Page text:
The 2018 budget was presented under the theme “The Journey to the Good Life Continues”. Unfortunately, this is not referring to children, farmers and sugar workers, other low-skilled workers, or low-income families – the biggest losers in the 2018 budget. It actually refers to the ‘Government” – the biggest and largely the only winner in the 2018 budget. The total budget of more than $267 billion for 2018 represents a 7.1 percent ($18 billion) increase over the revised budget for 2017.
Despite the increase, economic growth is likely to continue to slow. Growth at the end of 2017 is projected at 2.9 percent, a downgrade from 3.4 percent at the beginning of the year. Other vital economic measures also indicate a slow but steady deterioration of the economy. For example, the balance of payment deficit is expected to grow by more than 50 percent for a total of more than G$16 billion (US$80 million). Even worse, the unemployment rate is expected to reach new heights with hundreds of sugar workers being terminated. With the current unemployment rate at 11 percent, further job loses is almost certain to curb private consumption, economic confidence, business investment and accelerate the current economic slowdown.
Increasing the national budget is important for ensuring adequate investment in critical services, however, prioritizing investment in families is critical for ensuring the gains of economic growth meet the kitchen table of families and the payroll of small businesses to stimulate the economy. Regrettably, like budget 2017, the government gets the lion share of the benefits instead of hard working families and small businesses which employ more than half of all workers. Funding for government administration totals almost $50 billion, an increase of more than 18 percent, a rate that is three times higher than all other service areas. Put differently, almost half of the $18 billion of new funding in budget 2018 is allocated for government administration. The cost of the government payroll is projected to increase by 8.6 percent, a rate that is higher than the rate of increase for the entire national budget and almost three times higher than projected economic growth for 2018. There is simply no acceptable economic explanation for this allocation except a high level of government inefficiency and a waste of taxpayer dollars.
At a time when 50 percent of children and 40 percent of adults are living in poverty, budget 2018 represents a missed opportunity for the government to reduce poverty and give struggling families a chance at success. While the budget includes additional funding for education and set aside some funding for affordable housing, they are too insignificant to have a meaningful impact on the livelihood of families struggling to make ends meet. The reason is that adults living in poverty are unlikely to return to school for retraining and retooling, and even if they do their prospect of finding a good paying job is likely close to zero. Affordable housing is not affordable if families don’t have good paying jobs and are not earning sufficient income to pay for food and medicine.
Modernizing the country’s transport infrastructure and investing in creating economic opportunities are necessary to attract private investment, create good paying jobs and stimulate the economy. Disappointingly, budget 2018 cut funding for infrastructure by almost 6 percent (roughly$3 billion), for a total of almost $41 billion. Additionally, the budget cuts total funding for core economic opportunity sectors for the second consecutive year by less than a percent. Specifically, funding for agriculture was cut by almost $1 billion or 5 percent over 2017. Last year, the government cut funding for agriculture by 3 percent. The agriculture sector alone employs 21 percent of the country’s workforce; cutting its funding at a time when the economy is declining is simple backward economic thinking. Ironically, the government hopes that the hundreds of sugar workers being terminated will find meaningful employment in the agriculture sector – another policy failure.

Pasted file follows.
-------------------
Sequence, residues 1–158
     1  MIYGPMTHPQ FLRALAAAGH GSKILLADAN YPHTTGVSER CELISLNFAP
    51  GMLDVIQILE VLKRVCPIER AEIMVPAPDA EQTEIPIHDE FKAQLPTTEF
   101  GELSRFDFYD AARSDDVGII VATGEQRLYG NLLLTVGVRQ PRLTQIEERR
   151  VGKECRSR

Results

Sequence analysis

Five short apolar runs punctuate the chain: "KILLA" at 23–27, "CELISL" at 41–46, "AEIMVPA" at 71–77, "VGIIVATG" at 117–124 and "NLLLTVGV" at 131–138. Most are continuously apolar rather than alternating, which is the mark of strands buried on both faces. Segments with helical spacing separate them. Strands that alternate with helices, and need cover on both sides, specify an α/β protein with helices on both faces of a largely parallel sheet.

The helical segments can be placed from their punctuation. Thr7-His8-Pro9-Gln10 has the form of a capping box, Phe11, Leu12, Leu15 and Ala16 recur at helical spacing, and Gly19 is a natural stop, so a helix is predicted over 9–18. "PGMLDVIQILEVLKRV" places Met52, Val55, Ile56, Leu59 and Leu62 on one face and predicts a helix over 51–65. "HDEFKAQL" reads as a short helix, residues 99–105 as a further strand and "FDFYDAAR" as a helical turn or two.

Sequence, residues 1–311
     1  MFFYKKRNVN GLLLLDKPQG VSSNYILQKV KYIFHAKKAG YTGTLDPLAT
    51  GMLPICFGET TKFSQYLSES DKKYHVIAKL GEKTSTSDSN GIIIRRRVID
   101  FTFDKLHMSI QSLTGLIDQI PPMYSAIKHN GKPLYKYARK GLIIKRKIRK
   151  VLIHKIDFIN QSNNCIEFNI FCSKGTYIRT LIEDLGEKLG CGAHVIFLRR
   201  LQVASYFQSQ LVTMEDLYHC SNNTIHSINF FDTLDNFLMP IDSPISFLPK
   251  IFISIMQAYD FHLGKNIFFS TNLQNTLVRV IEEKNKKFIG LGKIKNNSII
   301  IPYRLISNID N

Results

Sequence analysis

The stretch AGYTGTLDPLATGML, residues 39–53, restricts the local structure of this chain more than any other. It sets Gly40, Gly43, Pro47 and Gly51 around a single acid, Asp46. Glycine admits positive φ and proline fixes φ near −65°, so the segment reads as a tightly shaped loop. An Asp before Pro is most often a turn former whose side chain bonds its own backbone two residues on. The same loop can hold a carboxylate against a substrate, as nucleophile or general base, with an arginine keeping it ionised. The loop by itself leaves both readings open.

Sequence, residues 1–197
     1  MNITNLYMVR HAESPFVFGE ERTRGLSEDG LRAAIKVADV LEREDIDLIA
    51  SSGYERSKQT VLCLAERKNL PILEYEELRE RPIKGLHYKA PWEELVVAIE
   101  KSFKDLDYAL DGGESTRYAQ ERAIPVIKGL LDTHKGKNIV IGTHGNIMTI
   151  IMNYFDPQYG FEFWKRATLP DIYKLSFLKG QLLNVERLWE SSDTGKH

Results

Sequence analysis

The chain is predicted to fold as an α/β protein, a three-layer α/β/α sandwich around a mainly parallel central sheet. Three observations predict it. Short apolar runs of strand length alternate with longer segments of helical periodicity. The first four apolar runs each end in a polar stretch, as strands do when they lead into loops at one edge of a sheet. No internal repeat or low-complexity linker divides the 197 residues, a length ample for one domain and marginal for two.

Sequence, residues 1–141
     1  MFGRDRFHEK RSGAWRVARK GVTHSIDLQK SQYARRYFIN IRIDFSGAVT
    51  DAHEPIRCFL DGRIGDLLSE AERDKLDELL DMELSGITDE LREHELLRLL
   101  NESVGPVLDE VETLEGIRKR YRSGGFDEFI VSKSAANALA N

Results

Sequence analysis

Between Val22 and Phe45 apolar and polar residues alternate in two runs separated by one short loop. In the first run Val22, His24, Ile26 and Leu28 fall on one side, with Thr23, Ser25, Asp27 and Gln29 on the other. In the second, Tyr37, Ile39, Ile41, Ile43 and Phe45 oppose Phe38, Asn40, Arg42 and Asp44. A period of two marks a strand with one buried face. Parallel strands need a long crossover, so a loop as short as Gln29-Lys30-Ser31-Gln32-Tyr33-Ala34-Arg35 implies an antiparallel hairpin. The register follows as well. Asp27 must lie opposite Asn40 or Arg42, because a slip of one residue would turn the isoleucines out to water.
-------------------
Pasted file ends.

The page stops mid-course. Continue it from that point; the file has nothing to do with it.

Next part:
The shifting of funds away from various government ministries with a constitutional mandate to provide public services to the Office of the Presidency raises serious questions about the logic, exact purpose and public benefits derived from these funds. Funding for the Office of the Presidency continues to grow at an exponential rate, higher than any other budget agency. Total funding for the Office of the Presidency increased by 64 percent, for a total $9.5 billion in 2018. Over the last two years, funding for the Office of the Presidency doubled from $4.8 billion. The economic justification for this level of funding for an administrative office is difficult to understand. Whether these funds are used to fund projects that deliver a social or economic benefit to taxpayers or to fund political pet projects and advance a partisan agenda remains unclear.
Behind the popular sound bites and political talking points, the proposed budget for the fiscal year 2018 falls desperately short of prioritizing the immediate and long-term needs of Guyanese and the economy, despite additional spending. In all likelihood, the proposed budget will be approved without opposition support since the government controls the legislature. This, however, does not absolve the government from ensuring that its budget prioritizes the needs of the hard-working Guyanese families struggling to make ends meet, job creation, and strategic investment to restore economic confidence and stimulate growth. In fact, it is the hallmark of good governance and successful economic policy.
*** This is an overview of the proposed budget for the fiscal year 2018. The Guyana Budget & Policy Institute will follow-up with a more detailed analysis of the budget.